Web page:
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Neuropsychopharmacology. 2001 Nov;25(5 Suppl):S74-8.

Clinical neurochemical implications of sleep deprivation's effects on the anterior cingulate of depressed responders.

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1
Department of Psychiatry, University of California, Irvine 92717, USA. jcwu@uci.edu

Abstract

The antidepressant and cerebral metabolic effects of total sleep deprivation (TSD) or partial sleep deprivation (PSD) for one night has been studied with functional neuroimaging in seven publications from five different groups. Despite the variations in methods and techniques, the over-all findings were relatively consistent. First, before sleep deprivation, responders have significantly elevated metabolism compared with non-responders and normal controls, in the orbital medial prefrontal cortex, and especially the ventral portions of the anterior cingulate cortex. Second, after sleep deprivation, these hyperactive areas normalize in the responders. One functional imaging study suggested that synaptic dopamine release was associated with the antidepressant effects of TSD. The neurochemical implications of these findings are explored. Possible dopaminergic and serotonergic mechanisms are discussed.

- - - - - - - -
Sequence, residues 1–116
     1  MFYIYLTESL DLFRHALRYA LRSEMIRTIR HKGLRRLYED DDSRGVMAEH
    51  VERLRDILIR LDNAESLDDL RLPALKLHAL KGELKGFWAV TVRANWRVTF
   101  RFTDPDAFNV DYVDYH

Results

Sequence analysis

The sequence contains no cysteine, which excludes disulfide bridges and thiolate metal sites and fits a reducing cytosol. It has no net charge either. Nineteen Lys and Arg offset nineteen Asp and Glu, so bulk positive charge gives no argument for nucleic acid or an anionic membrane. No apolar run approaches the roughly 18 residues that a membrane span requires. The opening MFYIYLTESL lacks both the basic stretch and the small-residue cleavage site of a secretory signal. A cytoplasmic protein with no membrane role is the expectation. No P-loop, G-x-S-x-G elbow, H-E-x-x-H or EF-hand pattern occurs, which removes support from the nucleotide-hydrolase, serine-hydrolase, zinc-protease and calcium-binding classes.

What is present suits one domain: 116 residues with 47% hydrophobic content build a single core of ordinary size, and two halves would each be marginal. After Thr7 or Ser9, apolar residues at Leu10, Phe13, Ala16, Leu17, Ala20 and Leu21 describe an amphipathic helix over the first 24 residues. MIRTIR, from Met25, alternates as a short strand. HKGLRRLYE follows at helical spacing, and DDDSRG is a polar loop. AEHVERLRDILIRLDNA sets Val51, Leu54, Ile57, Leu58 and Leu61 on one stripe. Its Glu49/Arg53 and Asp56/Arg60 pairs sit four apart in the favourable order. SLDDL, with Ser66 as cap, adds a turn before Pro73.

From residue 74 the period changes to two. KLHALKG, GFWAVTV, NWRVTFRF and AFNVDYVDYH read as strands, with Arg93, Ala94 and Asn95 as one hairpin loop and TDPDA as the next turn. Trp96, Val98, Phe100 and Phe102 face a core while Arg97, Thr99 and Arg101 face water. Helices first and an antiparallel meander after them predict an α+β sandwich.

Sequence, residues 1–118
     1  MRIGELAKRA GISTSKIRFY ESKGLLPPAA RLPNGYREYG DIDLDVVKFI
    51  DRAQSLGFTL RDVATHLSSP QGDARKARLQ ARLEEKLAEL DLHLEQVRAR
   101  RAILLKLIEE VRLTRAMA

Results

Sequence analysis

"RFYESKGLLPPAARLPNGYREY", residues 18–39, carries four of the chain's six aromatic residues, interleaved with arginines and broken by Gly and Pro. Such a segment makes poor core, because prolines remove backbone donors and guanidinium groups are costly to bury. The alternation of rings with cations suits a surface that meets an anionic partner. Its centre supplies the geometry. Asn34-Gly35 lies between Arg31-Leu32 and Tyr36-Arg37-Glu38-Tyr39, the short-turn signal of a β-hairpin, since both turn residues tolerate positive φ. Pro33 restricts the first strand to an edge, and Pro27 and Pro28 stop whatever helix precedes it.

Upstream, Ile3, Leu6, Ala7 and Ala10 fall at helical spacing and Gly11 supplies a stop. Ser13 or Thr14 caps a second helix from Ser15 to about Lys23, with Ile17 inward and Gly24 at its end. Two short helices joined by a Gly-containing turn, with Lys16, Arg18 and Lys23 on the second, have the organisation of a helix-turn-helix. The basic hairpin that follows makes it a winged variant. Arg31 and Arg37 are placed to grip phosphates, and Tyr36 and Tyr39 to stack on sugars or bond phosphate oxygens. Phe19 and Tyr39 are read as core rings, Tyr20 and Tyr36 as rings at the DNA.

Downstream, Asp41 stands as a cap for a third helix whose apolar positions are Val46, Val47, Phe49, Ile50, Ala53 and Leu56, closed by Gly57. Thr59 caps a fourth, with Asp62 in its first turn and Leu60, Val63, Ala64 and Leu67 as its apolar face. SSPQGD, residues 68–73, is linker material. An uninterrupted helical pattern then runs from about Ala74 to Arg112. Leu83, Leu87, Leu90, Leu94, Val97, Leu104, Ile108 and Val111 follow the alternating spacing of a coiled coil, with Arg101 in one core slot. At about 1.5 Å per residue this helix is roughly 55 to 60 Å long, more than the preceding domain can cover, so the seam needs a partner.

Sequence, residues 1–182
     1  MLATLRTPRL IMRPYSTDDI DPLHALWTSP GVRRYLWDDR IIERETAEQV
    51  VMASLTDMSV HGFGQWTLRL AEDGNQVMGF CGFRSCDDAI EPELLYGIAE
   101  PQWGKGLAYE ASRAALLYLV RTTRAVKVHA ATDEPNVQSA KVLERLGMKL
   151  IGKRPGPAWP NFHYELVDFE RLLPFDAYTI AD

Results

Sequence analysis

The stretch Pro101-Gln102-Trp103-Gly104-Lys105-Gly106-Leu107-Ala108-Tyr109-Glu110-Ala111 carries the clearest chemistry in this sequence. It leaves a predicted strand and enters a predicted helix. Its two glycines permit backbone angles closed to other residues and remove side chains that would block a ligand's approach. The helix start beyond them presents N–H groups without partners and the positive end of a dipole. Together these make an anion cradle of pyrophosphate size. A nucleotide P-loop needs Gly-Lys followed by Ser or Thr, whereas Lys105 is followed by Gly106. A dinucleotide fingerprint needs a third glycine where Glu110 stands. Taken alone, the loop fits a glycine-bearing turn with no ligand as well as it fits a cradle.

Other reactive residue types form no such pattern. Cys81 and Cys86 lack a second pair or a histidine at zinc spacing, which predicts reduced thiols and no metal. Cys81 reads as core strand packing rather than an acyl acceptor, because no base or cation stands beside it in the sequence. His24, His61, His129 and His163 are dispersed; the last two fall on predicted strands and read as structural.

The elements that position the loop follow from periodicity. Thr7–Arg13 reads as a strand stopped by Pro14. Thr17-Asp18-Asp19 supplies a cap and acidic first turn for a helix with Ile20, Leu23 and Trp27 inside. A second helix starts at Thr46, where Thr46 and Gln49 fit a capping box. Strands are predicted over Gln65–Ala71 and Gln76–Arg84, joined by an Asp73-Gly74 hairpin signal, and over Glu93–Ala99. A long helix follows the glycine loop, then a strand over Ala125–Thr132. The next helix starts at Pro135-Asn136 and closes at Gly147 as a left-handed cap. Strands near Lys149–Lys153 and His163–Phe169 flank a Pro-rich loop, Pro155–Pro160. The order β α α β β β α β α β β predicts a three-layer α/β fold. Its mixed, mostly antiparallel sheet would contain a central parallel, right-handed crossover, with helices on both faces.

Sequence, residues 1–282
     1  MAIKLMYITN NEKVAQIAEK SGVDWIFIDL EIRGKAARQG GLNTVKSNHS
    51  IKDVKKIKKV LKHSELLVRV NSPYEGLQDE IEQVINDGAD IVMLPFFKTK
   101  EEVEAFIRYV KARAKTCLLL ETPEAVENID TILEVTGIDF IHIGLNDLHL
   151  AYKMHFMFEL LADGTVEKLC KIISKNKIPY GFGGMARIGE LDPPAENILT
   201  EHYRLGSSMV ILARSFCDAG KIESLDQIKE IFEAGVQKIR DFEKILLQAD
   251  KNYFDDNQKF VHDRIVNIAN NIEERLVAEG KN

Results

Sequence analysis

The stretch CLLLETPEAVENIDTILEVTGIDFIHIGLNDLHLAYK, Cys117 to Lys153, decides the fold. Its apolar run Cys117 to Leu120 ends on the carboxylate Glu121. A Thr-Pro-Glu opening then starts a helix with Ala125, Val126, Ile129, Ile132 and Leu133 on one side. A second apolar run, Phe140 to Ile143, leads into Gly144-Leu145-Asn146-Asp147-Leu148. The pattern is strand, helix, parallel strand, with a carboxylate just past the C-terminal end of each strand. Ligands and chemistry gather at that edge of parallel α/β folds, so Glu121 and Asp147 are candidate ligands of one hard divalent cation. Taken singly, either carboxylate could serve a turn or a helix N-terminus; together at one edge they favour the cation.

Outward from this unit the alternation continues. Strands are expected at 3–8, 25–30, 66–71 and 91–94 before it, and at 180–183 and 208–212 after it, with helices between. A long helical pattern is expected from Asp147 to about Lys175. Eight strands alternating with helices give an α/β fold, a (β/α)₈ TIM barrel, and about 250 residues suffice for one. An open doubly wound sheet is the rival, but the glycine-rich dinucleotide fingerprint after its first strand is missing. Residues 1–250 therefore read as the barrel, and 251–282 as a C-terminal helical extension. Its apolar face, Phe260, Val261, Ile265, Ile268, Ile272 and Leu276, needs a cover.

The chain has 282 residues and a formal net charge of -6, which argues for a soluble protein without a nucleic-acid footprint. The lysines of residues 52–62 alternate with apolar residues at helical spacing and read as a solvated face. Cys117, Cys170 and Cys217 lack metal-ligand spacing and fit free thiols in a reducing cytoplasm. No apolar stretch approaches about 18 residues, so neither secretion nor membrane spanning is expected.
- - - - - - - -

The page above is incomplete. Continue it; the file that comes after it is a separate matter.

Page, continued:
PMID:
11682278
DOI:
10.1016/S0893-133X(01)00336-0
[Indexed for MEDLINE]
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